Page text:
We have a number of new collections that are preserved, processed, and now available for research. Love and war were in the air, as the bulk of the materials include courtship correspondence and letters written by people while they were serving in the Armed Forces. Some highlights:
- New materials span from the 1830s-2007
- Subjects geographically range from the Kwajalein Atoll to Martha Washington College to the New Orleans levees.
- Lots of love! Many of these collections feature letters between loved ones.
- Some interesting mentions include a pair of waraji rice straw sandals, some 375 reported yellow fever deaths, and former UNC System President Frank Porter Graham participating in anti-war efforts of the 1930s.
Click on any of the collection titles to learn more about the materials, view any digital items, and request them for use in our reading room.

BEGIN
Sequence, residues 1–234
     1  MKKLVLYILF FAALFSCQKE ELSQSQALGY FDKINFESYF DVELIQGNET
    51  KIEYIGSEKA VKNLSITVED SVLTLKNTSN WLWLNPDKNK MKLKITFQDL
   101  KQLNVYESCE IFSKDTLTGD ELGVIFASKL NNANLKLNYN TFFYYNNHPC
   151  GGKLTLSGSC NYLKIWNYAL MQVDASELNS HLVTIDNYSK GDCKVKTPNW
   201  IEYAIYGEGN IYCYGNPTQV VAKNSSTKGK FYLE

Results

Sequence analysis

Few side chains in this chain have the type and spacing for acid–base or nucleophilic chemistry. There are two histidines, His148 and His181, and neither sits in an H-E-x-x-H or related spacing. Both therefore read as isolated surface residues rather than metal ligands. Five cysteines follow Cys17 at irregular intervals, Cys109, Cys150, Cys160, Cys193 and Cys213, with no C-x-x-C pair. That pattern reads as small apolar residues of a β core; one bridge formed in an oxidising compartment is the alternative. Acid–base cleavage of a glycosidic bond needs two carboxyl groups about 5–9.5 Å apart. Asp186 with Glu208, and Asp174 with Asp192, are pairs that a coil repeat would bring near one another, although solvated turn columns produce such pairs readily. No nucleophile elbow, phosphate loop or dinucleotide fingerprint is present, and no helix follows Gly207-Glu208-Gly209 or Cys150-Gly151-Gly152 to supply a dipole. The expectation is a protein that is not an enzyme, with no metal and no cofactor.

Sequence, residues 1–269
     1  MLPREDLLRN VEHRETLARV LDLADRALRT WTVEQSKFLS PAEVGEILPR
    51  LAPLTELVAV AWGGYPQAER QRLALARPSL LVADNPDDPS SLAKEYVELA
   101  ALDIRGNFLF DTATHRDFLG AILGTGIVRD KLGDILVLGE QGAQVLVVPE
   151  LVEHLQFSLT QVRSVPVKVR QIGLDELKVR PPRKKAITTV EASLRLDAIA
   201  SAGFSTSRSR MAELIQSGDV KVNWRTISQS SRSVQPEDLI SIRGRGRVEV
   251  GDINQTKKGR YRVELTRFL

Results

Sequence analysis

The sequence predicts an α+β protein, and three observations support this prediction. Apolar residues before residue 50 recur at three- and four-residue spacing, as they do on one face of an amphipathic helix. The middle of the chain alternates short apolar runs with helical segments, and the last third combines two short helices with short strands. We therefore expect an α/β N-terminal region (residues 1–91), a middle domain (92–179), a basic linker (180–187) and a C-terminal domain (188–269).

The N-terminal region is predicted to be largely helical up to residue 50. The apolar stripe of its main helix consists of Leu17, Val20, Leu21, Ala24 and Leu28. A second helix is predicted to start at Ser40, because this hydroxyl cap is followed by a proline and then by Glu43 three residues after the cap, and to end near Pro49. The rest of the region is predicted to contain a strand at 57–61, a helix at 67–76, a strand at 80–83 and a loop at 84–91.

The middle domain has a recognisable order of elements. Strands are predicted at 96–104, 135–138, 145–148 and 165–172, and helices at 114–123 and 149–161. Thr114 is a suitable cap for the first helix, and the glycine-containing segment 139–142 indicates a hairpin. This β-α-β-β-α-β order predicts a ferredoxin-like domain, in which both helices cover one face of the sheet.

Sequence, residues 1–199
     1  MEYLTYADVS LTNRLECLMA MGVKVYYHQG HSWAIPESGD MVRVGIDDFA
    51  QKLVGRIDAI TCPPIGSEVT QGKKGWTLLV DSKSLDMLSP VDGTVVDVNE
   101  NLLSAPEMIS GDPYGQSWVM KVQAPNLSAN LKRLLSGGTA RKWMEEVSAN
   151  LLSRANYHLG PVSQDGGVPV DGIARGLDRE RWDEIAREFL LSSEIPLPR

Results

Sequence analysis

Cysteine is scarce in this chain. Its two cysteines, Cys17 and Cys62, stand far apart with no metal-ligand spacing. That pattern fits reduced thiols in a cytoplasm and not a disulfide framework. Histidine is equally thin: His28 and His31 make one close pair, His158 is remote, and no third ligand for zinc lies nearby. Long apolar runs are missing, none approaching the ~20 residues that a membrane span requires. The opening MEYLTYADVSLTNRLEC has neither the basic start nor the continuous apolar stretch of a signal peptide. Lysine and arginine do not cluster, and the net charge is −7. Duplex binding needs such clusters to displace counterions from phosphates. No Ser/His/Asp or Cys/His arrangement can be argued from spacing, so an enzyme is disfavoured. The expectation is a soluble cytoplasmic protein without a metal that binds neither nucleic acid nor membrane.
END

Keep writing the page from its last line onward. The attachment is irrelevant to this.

Continue reading “New Collections: Love Letters”
The South has witnessed unspeakable historical violence, hardship, and unrest. Whether it is a system developed over hundreds of years or the single act of one person, Southerners have used these circumstances as fuel to protest for a better reality and a better future.
At first blush, an archive might seem like an unusual place to learn about current events. We can’t provide the latest headline, updated numbers, or 24-hour news coverage. What an archive can do, though, is help explain how we got here in the first place. It can provide context, it can set the scene, and it can fill out a timeline. It can help draw comparisons, and it can bear witness to cycles, to repetition, and to causes and their effects. It can show what has worked in the past, and what has not.
We continue, as we always have, to collect the stories of those who stand up against violence and hardship. Below are just a few of our many collections that highlight how people have confronted difficulties in the past and fought for a South they could believe in.
Continue reading “Violence, Hardship, and the Southern Response”